This appears to be — and one hopes that it is — one of those depressing but absolutely necessary realizations that every responsible politician has to undergo at some point in their careers. Given that it is in total contradiction to the messianic worldview expressed by Obama up to now, one might assume that it represents a genuine shift in his outlook. That it renders much of his previous career and certainly his previous public image laughable is one of the dangers inherent in selling yourself as a messianic politician in a decidedly non-messianic world. Nonetheless, this is not a reason to completely dismiss such a shift. It is unquestionably preferable for a president of the United States to be a humbled but nonetheless sober individual than a naive and incompetent visionary.
It must be said, however, that a moment of clarity is not sobriety, nor is it necessarily a guarantee that sobriety will follow. One must admit that, while it is praiseworthy for Obama to finally speak these difficult truths, it is nonetheless disconcerting that it has taken him so long to comprehend them. Indeed, had Obama spent his college years reading Freud instead of Saul Alinsky, he would know that his “seemingly irreconcilable truths” are not a new or even particularly interesting. It is not, after all, particularly difficult to admit that human capacities for empathy, compassion, and justice coexist alongside far darker impulses toward aggression, death, violence, and destruction. What Obama is saying is objectively praiseworthy, but any assessment of it must be tempered by the realization that these are things any president of the United States ought to have learned long ago.
Indeed, the fact that Obama’s emerging sobriety is, at best, tenuous, is revealed by the conclusion of his speech, which both reiterates (albeit in less grandiose terms) his earlier messianic pretensions and makes clear that he has yet to reconcile them with his new, more humbling realizations. The dissonance expressed by the president is, in fact, remarkable. Having spoken eloquently about the “imperfections of man and the limits of reason,” Obama nonetheless ends by saying,
We do not have to think that human nature is perfect for us to still believe that the human condition can be perfected… let us reach for the world that ought to be, that spark of the divine that still stirs within each of our souls…. We can do that, for that is the story of human progress; that is the hope of all the world; and at this moment of challenge, that must be our work here on Earth.
This is, put simply, as close to a perfectly distilled statement of messianic politics as one can imagine. In the context of this speech, however, it reveals a president who has become trapped in his own self-contradictions. In this, he is not unique, because they are, in essence, the self-contradictions of liberalism (or any messianic political movement) in power.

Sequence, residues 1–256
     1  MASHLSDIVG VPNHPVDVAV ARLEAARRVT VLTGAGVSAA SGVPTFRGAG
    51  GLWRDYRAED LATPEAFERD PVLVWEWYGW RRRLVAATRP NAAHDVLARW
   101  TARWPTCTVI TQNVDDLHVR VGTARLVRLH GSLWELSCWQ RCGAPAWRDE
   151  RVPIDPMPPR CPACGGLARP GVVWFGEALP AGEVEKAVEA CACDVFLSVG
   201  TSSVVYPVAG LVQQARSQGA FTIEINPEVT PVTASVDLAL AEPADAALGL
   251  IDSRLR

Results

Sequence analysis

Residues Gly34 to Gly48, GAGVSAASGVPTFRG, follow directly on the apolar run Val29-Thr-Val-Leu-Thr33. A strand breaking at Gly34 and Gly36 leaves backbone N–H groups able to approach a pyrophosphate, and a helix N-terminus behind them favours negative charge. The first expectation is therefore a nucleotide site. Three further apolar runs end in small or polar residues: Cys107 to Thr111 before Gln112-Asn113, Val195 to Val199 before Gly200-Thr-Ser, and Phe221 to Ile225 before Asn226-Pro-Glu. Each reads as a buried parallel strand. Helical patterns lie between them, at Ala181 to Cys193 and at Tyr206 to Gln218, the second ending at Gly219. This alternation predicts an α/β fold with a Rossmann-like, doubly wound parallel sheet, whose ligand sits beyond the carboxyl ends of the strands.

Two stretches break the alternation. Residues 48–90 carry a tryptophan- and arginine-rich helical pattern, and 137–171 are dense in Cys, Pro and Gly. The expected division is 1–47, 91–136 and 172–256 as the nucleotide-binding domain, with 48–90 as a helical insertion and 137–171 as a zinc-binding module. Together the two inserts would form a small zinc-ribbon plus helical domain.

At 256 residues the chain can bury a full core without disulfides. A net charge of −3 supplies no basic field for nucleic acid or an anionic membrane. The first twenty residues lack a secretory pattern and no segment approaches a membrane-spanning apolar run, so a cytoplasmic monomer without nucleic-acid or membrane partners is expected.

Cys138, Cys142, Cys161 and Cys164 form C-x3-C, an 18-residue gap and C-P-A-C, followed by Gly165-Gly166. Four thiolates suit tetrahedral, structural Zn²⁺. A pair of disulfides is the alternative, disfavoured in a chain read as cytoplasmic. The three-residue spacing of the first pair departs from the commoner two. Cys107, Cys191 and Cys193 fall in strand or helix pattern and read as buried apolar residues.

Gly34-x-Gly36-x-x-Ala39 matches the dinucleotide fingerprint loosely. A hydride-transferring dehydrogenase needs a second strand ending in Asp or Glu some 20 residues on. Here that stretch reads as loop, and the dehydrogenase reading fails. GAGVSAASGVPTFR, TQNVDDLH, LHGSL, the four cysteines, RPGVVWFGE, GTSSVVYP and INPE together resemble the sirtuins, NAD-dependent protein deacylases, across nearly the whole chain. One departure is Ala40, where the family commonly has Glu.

Paul Berman’s excellent book Power and the Idealists explores this issue far better than I could, but the ramifications of it are nonetheless apparent. Put simply, no messianic political movement can withstand its encounter with power for very long. Political messianism is inherently uncompromising, absolutist, and obsessed with perfection and the possibility of perfection. As such, it cannot survive politics itself, which is, for the most part, the exact opposite of all of those things. Political messianism must either compromise — and thus cease to be messianic — or collapse.
Whether Obama will be able to successfully navigate his way out of this inevitable impasse remains an open question. If his Nobel speech is any indication, he is at least aware (finally) of the fact that the impasse exists, but appears unwilling to confront it honestly. Thus, he can claim that man is imperfect and reason is limited while simultaneously holding that existence is perfectible and we can “reach for the world that ought to be.” He can hold that war is inevitable, necessary, and an expression of “human feeling” while refusing to admit that the obvious implication of this is that to hope for an end to war is as absurd as hoping for an end to eating or sex – because war is human phenomenon which is not going away, and the best we can hope for is some measure of amelioration.
At the moment, then, it is difficult to invest too much hope in Obama’s moment of clarity. It indicates, at best, the possible beginning of a shift that may very well never come to fruition. And this, it must be said, is lamentable. Because George W. Bush’s dreams of the democratic peace and Obama’s even more unfortunate ideal of a multilateral utopia ought to have led us to an obvious conclusion: We need no more messianic politicians.
In fact, we are in desperate need of the opposite. What we require more than anything else is a courageous pessimism. A pessimism brave enough to make the public acknowledgment that the struggle to be free and, more importantly, the struggle to remain free is a Sisyphean one. It will always face the opposition of those who worship power, unity, purity, and – yes – perfection, whether they do so in the name of racial purity, social equality, or religious fervency. And it will face this opposition because if the struggle for freedom means anything, it must be the struggle to allow mankind the freedom to be imperfect in an imperfect world. Barack Obama appears, far too late, to be awakening to this realization. Whether this will eventually liberate him from the ideological prison of his own making is doubtful. Nonetheless, it is permitted, even for the pessimist, to place at least a small measure of hope in moments of clarity.
Benjamin Kerstein is Senior Writer for The New Ledger.
UPDATE: To view the Nobel Peace Prize speech (with all its pomp and fanfare), go here.